21 Nov 2021

What’s happened to birth control options?

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When I was growing up, birth control meant a variety of things: vaginal cream, diaphragms, condoms, the rhythm method, and the Pill.  Today, when someone says “I’m on birth control”, everyone knows they mean hormonal stuff. How did birth control come to mean only hormonal methods?

After watching a terrific movie last night with my daughter, https://www.thebusinessof.life/the-business-of-birth-control , I’ve been thinking about my own reproductive life and birth control use.

I’ve been lucky. When I was taking the Pill, starting in 1967, the dosage of hormones was 100 times greater than in today’s products. My doctor never mentioned side effects and I didn’t have any that I can remember.  I enjoyed sex whenever I wanted, without fear of pregnancy. These were golden years, those between the Pill and the emergence of herpes and HIV. I had a good time, and learned a lot, including the knowledge that one-night stands were worthless.

In the 1970s, the IUD was invented and I got a Dalkon Shield, again without a mention of any risk. Again, I was lucky, perhaps because I was in a monogamous marriage, and not exposed to the variety of germs that came with more than one partner. These germs would walk up the little string that hung out of the cervix, acting like a ladder to the reproductive tract. My girlfriend  developed a severe reproductive tract infection that led to a total hysterectomy when she was only 25. She lost any chance to have babies, and was sent into premature menopause, as her ovaries were removed. She was awarded a lot of money in damages from the class action suit; she would have preferred to have a baby.

About 200,000 women suffered as a result of the Dalkon Shield being sold to the public before enough information about its impact had been collected.”. . .  follow up averaged only four and a half months across 640 women. Over time, reports of high levels of pelvic inflammatory disease began to surface but the company was slow to act. It became clear that both the safety and efficacy of the Dalkon Shield had been overstated beyond the supporting evidence.”  https://blogs.bmj.com/bmjsrh/2019/05/27/medical-devices-and-the-legacy-of-the-dalkon-shield-the-struggle-for-evidence-based-contraception/   Seems like folks are in such a rush to earn money that devices get sold before all the information has been analyzed.

There were still many contraceptive choices throughout the late 1970s and1980s. I always enjoyed going to Planned Parenthood, where my concerns and questions were taken seriously, and all my choices explored. For a while,  I had a Lippes Loop, another IUD, that was okay for a while. After a few years,  the pain I felt during my period became intolerable, as my body was trying to expel the IUD along with my uterine lining. I had the IUD removed, and got a diaphragm.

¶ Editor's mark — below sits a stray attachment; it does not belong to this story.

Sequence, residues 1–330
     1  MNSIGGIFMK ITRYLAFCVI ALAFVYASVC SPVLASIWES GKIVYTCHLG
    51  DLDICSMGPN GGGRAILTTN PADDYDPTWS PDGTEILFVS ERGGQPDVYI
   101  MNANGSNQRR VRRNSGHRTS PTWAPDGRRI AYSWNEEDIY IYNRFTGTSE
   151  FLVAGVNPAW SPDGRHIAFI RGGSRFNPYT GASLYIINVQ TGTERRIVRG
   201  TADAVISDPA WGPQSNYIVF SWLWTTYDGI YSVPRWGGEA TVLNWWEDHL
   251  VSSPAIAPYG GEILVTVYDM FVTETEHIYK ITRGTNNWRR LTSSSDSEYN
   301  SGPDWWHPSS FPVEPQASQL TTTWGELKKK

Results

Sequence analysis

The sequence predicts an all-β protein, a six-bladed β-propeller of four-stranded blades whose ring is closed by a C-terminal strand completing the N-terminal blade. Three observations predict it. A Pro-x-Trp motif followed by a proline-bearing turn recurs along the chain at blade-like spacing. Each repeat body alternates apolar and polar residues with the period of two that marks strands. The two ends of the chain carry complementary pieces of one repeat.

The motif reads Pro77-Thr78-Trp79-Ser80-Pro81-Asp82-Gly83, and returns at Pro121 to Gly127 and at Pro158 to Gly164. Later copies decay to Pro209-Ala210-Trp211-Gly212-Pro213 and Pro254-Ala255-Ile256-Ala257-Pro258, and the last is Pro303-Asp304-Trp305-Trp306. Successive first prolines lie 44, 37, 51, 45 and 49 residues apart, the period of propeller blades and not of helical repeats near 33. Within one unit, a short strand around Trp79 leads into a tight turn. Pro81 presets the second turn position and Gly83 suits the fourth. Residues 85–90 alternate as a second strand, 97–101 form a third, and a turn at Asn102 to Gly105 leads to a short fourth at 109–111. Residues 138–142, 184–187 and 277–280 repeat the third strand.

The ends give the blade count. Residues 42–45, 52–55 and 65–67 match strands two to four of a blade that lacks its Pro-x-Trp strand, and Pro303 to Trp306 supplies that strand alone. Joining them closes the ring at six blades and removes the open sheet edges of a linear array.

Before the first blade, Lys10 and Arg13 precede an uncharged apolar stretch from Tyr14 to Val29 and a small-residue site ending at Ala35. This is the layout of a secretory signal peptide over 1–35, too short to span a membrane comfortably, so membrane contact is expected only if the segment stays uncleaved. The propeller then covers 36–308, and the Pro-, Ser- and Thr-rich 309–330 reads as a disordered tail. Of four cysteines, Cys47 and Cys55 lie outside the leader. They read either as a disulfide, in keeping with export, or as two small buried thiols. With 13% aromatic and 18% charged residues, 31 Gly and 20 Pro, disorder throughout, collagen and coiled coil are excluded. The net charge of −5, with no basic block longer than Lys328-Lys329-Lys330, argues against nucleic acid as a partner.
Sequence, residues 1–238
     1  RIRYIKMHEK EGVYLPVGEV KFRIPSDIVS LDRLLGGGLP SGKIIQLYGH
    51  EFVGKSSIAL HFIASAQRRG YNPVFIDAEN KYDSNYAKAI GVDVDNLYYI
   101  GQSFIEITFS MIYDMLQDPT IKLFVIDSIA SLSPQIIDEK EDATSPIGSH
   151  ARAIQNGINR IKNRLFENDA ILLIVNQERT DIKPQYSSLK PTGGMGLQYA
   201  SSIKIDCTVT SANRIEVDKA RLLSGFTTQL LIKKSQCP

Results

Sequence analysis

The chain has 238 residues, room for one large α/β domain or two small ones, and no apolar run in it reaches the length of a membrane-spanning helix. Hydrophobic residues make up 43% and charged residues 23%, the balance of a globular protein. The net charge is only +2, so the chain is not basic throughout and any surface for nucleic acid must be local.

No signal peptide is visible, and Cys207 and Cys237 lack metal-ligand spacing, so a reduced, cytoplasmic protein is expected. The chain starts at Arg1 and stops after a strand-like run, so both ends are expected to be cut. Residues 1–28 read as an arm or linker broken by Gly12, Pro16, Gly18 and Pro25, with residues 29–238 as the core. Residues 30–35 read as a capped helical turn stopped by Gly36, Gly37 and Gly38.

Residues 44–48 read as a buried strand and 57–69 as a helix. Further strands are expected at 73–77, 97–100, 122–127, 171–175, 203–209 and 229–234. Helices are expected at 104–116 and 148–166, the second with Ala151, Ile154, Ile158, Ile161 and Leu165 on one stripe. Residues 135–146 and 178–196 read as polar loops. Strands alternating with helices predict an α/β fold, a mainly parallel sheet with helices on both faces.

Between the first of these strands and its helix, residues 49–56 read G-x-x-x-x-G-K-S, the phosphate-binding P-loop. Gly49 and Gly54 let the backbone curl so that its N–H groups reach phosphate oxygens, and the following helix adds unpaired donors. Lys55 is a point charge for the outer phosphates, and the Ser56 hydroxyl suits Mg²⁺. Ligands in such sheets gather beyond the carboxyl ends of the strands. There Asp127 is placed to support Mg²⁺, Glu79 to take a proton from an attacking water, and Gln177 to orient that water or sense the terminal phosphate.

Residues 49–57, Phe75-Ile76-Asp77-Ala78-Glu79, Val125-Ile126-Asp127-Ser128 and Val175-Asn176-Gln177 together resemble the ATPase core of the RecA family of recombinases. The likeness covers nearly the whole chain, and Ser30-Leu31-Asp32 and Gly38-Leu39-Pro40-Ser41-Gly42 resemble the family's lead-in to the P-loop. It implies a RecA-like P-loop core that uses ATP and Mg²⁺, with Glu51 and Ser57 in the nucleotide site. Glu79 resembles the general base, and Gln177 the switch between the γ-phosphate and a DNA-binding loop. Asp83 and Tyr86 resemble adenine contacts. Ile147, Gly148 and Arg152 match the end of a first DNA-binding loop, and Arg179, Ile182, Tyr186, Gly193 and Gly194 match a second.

Diaphragms are complicated and messy; I remember when the spring would twist away from my fingers and fling contraceptive jelly all over me. The only way for me to use the diaphragm easily was to have my partner insert it. This was fun. However, the diaphragm had to stay in for hours after one session, and if intercourse was repeated, more jelly had to be inserted. The jelly tasted awful, and had a numbing quality. Not an optimal method, and still better than nothing.

From the beginning of my reproductive life, I learned that contraception was totally my responsibility. I never expected my sexual partner to take any role to prevent pregnancy. Was this an artifact of the times, or a function of my own lack of self-esteem, or my own need to have total control and not rely on anyone else? Looking back, I feel that all these reasons were true.

In the early 80s, I started a new relationship, and Jon suggested the natural family planning method, using basal body temperature and cervical mucous to identify the fertile days.  It took cooperation with my partner, and several months to get enough baseline information for me to know when I was ripe. Working together to use a method that involved both of us felt good, and it worked.

I was surprised that my second husband wanted to learn about contraception, and was helpful to me as we learned about the workings of my body. What a concept: shared responsibility!  I wish that all young people could learn about this way to make decisions in a relationship.

I started working as a nurse in hospital maternity wards in the 1990s and saw how contraception was managed by many OB/GYNs. Usually, the doctor would come to the mother’s bedside on the day of hospital discharge and say, “You don’t want to get pregnant again, do you?” After having given birth just a day or two ago, no one ever feels up to going through pregnancy, labor and delivery again; so she would say, “No.” The doctor’s response would be, “Okay, here’s your Shot” and write the order to give an injection of Depot-Provera, also known as DMPA, with no discussion of side effects or risks, or impact on lactation.  As a good nurse, I never questioned this care, and participated in it.

For a long time, doula colleagues have been telling me that contraceptive practices have become overtly racialized. White women with private health insurance go home from the hospital without any discussion about contraception, whereas adolescent, Black, Brown, Native American, Asian, poor and Immigrant mothers are repeatedly asked about birth control until they agree to something. (When I say repeatedly, I mean as many as 8 times, until a mother yields.)